Problem: Painting A Pyramid

This puzzle concerns the painting of the four sides of a tetrahedron or triangular pyramid. If you cut out a piece of cardboard of the triangular shape shown in Fig. 1, and then cut half through along the dotted lines, it will fold up and form a perfect triangular pyramid. And I would first remind my readers that the primary colors of the solar spectrum are seven—violet, indigo, blue, green, yellow, orange, and red. When I was a child I was taught to remember these by the ungainly word formed by the initials of the colors, "Vibgyor."


In how many different ways may the triangular pyramid be colored, using in every case one, two, three, or four colors of the solar spectrum? Of course, a side can only receive a single color, and no side can be left uncolored. But there is one point that I must make quite clear. The four sides are not to be regarded as individually distinct. That is to say, if you paint your pyramid as shown in Fig. 2 (where the bottom side is green and the other side that is out of view is yellow), and then paint another in the order shown in Fig. 3, these are really both the same and count as one way. For if you tilt over No. 2 to the right it will so fall as to represent No. 3. The avoidance of repetitions of this kind is the real puzzle of the thing. If a colored pyramid cannot be placed so that it exactly resembles in its colors and their relative order another pyramid, then they are different. Remember that one way would be to color all the four sides red, another to color two sides green, and the remaining sides yellow and blue; and so on.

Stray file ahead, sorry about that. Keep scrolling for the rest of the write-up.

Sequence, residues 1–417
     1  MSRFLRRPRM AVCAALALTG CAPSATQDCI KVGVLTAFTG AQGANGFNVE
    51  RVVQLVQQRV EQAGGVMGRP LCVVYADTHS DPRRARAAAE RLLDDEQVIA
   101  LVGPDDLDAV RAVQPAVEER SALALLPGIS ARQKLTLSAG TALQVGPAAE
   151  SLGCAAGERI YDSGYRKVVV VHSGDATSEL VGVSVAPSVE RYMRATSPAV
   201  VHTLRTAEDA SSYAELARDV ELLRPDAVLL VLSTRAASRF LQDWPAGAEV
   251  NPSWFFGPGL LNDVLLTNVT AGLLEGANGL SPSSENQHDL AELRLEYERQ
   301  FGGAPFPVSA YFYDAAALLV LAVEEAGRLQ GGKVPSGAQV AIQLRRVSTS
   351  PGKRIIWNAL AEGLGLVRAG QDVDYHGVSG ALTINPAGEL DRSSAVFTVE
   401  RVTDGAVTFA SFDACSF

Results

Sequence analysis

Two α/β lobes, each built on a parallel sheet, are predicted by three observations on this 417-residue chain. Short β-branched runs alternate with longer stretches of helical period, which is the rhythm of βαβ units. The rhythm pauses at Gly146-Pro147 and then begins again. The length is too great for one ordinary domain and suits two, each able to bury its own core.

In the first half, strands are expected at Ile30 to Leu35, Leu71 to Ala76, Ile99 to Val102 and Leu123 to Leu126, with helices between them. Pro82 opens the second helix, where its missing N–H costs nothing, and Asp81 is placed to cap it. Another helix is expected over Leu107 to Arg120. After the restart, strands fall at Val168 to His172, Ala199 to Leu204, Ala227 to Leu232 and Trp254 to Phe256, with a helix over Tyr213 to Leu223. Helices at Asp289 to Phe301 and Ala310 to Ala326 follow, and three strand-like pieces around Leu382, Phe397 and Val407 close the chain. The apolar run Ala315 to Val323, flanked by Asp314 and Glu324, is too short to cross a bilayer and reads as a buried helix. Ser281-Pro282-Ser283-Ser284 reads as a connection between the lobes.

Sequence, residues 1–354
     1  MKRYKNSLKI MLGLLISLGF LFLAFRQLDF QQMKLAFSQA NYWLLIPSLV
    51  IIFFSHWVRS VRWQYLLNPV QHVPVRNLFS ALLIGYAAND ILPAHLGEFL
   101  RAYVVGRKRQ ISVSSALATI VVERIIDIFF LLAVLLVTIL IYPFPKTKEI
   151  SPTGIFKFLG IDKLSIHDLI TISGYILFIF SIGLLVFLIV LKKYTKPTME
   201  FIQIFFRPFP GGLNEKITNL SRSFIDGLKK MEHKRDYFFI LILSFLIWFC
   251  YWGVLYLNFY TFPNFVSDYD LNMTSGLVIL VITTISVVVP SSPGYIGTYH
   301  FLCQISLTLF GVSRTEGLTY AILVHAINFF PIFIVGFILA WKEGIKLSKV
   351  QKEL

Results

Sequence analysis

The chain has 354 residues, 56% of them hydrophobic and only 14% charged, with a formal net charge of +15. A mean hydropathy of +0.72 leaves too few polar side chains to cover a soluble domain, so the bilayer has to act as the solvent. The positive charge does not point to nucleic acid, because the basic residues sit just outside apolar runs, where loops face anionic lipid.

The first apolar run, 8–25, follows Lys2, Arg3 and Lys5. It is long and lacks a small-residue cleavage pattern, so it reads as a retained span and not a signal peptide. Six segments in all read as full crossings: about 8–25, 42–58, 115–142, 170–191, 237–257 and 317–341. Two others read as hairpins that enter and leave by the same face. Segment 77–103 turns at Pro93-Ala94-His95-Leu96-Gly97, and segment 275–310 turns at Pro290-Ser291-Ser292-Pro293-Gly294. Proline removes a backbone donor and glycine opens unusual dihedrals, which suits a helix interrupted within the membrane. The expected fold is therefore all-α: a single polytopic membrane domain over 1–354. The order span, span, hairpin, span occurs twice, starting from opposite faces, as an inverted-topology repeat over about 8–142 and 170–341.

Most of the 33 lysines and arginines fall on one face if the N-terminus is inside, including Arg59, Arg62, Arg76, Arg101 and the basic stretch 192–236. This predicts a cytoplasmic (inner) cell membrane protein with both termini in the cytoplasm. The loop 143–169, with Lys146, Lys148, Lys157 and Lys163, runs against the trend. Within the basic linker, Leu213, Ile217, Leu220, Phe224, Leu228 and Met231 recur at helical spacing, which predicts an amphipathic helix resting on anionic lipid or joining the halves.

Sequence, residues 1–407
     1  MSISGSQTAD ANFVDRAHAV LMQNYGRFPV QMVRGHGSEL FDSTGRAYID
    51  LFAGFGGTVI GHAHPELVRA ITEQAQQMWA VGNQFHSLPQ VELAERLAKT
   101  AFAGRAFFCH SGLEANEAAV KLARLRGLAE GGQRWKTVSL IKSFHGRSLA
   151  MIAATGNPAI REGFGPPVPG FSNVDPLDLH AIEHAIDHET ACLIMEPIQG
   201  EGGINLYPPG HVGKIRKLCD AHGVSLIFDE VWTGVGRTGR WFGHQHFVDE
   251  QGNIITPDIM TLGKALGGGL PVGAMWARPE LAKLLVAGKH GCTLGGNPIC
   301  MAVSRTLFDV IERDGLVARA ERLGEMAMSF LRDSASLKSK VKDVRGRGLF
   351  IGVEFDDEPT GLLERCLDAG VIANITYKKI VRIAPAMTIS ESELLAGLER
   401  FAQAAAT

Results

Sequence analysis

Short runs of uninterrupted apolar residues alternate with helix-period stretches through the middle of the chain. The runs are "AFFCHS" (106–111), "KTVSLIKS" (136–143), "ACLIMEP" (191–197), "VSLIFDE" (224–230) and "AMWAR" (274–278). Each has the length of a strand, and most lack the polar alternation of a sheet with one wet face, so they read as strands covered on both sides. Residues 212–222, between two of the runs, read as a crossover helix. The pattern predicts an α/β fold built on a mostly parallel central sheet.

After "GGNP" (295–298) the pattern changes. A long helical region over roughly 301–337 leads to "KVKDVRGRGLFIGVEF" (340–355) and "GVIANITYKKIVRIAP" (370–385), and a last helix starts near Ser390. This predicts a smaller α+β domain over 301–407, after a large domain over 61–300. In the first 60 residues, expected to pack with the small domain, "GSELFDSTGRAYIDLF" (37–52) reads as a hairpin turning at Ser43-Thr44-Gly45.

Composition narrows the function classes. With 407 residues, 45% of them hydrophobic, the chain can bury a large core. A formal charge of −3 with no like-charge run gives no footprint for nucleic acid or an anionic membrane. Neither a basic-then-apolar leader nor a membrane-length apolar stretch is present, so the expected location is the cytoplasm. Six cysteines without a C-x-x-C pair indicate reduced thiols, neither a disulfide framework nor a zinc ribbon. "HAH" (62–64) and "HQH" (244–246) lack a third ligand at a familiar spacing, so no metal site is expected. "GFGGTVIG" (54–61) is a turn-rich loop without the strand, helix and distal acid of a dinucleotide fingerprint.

Solutions: 1

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Project Gutenberg

  1. Dudeney, H. E.: "Amusements in Mathematics", The Authors' Club, 1917

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